Dunwoody residents won’t see new cell towers looming over residential streets, but more and more “small cell” systems are already here and now City Council wants to figure out how to regulate technology.
David Kirk, a lawyer representing Verizon Wireless, said during a public hearing Sept. 15 a recent study shows 45 percent of American households have “cut the cord” and now rely entirely on wireless technology for their communication needs.
“That’s an incredible increase over the last decade and it continues to grow,” Kirk said.
The smaller devices attach to existing utility poles and are installed by companies such as Verizon. The technology is housed in what looks like box or a cabinet, housing wires and antennae designed to bring faster Internet and allow wireless technology users access to more data.
“Cellular technology is cellular but not in all respects, so this is where the wires are,” City Attorney Lenny Felgin said during a City Council discussion Sept. 15.
Felgin told council members they can adopt an ordinance to restrict “substantial changes” in height and width in both the right of way and on private property.
Section 6409 of the Tax Act, which became law in 2012, provides that a state or local government “may not deny, and shall approve” any request for collocation, removal or replacement of transmission equipment on an existing wireless tower or base station, provided this action does not substantially change the physical dimensions of the tower or base station.
Councilwoman Lynn Deutsch said she knows of three cabinets that have been installed on poles in her neighborhood of North Springs. She asked about whether or not Council could regulate the color of the wires.
“What we’ve gotten in North Springs are boxes,” Deutsch said. “What I’m concerned about is that every existing telephone is going to have one of these boxes on them.”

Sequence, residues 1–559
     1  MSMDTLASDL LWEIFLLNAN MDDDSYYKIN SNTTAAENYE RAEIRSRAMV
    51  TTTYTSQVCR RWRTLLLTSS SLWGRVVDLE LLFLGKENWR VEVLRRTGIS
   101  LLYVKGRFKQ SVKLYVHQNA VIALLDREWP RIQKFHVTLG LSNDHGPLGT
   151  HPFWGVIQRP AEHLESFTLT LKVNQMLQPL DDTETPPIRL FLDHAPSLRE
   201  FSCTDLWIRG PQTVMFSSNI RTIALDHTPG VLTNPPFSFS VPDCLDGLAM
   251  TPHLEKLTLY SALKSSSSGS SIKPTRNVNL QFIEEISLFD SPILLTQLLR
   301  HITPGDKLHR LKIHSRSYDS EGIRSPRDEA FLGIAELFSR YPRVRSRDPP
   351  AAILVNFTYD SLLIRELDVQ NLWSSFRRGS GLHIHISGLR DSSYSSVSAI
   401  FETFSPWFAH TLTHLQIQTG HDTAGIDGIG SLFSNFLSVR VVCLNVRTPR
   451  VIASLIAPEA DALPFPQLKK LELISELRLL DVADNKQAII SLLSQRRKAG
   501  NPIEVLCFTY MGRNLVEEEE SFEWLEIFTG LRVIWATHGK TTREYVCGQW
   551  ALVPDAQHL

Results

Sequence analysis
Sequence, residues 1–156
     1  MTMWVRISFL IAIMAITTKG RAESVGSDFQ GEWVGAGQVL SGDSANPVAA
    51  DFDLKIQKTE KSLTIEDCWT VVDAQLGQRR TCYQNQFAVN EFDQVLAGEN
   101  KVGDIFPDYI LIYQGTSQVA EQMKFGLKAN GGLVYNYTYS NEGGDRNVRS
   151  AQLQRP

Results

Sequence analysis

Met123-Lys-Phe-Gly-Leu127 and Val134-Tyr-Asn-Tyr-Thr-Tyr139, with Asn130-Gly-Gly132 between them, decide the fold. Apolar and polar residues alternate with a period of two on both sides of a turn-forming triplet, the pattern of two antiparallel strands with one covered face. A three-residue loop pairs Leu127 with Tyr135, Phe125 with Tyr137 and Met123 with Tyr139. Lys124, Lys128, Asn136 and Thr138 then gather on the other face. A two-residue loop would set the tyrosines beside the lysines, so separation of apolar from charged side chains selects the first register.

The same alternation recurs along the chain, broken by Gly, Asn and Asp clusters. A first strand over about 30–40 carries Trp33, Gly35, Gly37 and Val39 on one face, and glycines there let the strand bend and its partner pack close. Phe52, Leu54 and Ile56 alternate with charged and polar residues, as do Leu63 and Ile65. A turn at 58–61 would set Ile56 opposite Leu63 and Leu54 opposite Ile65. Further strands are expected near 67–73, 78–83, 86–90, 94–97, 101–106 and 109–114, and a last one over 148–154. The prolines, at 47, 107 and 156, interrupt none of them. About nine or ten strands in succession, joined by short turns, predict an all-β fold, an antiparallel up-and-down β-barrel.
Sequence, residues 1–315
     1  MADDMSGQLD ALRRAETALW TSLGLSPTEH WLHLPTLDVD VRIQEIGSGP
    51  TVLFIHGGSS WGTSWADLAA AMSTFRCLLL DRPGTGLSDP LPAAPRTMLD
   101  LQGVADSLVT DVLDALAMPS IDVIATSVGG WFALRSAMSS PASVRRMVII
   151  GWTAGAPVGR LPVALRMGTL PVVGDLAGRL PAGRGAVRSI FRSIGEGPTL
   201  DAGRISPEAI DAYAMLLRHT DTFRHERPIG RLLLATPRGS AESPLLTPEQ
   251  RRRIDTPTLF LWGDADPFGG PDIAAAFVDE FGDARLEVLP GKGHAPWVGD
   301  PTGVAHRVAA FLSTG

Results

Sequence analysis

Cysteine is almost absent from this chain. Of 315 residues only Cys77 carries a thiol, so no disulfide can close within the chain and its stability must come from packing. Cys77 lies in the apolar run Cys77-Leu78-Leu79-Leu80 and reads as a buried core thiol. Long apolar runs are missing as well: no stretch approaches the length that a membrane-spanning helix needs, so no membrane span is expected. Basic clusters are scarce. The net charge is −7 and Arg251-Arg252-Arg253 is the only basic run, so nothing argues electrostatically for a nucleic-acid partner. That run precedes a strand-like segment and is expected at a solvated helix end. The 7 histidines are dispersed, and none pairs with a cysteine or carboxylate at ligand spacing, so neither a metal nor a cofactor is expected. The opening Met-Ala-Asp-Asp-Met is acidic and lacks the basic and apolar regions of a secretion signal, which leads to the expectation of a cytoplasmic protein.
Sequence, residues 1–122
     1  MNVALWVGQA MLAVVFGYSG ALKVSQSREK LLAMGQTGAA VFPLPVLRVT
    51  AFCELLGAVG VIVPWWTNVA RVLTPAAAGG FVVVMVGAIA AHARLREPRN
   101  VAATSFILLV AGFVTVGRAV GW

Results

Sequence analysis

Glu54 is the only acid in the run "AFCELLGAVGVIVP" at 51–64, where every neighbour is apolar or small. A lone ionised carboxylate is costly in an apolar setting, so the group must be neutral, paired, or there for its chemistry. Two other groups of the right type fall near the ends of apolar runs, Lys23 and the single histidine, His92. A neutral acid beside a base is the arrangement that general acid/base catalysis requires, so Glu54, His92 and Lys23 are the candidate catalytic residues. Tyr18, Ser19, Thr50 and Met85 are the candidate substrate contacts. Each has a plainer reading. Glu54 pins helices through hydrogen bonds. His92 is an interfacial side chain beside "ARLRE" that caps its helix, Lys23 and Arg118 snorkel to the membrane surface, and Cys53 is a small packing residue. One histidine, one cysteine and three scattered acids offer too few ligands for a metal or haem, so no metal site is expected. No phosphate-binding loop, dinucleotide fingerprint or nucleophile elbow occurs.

Felgin said local government cannot regulate where on the pole the box is placed.
“Can we regulate the color of the wire?” Deutsch asked?
“Not under 6409, no,” Felgin said.
“Seriously?” Deutsch asked.
“So the orange cables stay then,” Deustch said to Felgin when he said anything that exists currently will have been grandfathered in.
He recommended forging a cooperative system with the technology companies to avoid “an unnecessary lawsuit over an orange cable,” Felgin said. “I think it works better to have this cooperative environment.”
Councilman Terry Nall said adopting an ordinance to have a policy in place protects the city more than not having any process in place would.
“The reason to pass this ordinance is to have a process and a procedure,” Councilman Doug Thompson said.
During public comment, resident Bob Barnwell said he isn’t sure the technology itself is safe.
“I’d feel a lot better if somebody would come up here and assure me that flooding my home with an industrial strength transmitter 24 hours a day is a good thing for me for the rest of my life,” Barnwell said.
Council will continue the discussion and vote on the ordinance at a future City Council meeting.